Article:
The Governor, Central Bank of Nigeria said that with Nigeria producing about nine million metric tons of rice as of the end of 2021, the country has now become the highest producer of rice in Africa.

He said the Anchor Borrowers’ Programme has catalyzed the rural economy and has built a sustainable framework for financing small holder farmers in Nigeria.

The apex bank governor added that the expansion in the production of rice has not only made Nigeria the largest rice producer in Africa, but has also unlocked enormous private sector investment in the rice value chain.

Specifically, Emefiele said that the number of Integrated Rice Mills has grown astronomically from six in 2015 to over 50 in 2021 with many more in various stages of completion.

The programme, according to him, has developed an ecosystem among all nodes of the agricultural value chain, adding that these linkages can be better optimized through synergy among all stakeholders.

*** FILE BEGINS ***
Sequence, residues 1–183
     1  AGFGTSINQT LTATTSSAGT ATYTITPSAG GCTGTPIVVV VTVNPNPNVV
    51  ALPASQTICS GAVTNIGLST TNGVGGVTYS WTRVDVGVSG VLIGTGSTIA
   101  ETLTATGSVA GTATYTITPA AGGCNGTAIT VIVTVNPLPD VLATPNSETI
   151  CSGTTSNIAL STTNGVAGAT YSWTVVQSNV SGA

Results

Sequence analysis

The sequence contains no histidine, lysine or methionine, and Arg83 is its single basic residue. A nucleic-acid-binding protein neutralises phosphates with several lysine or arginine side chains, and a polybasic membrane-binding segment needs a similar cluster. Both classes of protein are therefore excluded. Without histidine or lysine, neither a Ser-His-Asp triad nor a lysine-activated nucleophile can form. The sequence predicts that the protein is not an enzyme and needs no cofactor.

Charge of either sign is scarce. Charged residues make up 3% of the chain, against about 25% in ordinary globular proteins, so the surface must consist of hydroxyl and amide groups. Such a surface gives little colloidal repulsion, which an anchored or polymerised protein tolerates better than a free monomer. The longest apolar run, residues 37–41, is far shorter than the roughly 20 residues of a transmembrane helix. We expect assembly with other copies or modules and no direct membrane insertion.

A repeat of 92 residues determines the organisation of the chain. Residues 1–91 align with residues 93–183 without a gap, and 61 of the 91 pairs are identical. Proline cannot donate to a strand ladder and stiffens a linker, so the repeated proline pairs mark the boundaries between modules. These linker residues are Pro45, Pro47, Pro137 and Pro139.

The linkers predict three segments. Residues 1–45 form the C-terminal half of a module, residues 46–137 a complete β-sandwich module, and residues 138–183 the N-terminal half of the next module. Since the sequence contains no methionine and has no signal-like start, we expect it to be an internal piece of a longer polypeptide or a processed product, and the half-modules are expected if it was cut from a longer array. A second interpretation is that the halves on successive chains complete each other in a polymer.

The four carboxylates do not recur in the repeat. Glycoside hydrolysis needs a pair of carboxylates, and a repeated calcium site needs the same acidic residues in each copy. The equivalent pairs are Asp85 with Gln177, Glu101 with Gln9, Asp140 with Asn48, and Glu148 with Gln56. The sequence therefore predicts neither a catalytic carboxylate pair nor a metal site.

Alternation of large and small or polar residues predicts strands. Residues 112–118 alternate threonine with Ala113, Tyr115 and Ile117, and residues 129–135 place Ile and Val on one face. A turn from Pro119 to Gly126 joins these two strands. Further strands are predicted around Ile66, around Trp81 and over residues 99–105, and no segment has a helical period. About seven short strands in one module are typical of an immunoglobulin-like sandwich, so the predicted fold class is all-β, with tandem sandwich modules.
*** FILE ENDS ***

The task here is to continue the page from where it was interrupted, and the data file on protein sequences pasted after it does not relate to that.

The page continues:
The CBN Governor said that as at the end of December 2021, the apex bank has financed 4,489,786 farmers that cultivated 5,300,411 hectares across 21 commodities through 23 Participating Financial Institutions in the 36 States of the Federation and the FCT.

He said, “We are delighted that these efforts have yielded fruits in not just increasing the availability of rice, but also in moderating prices, reducing imports and increasing job creation in the country.

“For example, Thailand alone exported 1.3 million metric tons of rice to Nigeria in 2014. The ABP was launched in 2015 to curtail these imports, and since then, we have seen incremental reductions in rice imports from Thailand.

“By 2016, rice imports from Thailand had fallen to only 58,000 metric tons. As of the end of 2021, they only exported 2,160 metric tons to Nigeria, thereby saving us foreign exchange and helping preserve jobs in Nigeria.

“Beyond increasing our national output from about 5.4 million metric tons in 2015 to over 9 million metric tons in 2021, we have also significantly improved the productivity per hectare of the smallholder farmer from about 2.4 metric tons per ha in 2015 to between about 5 metric tons per ha in 2021.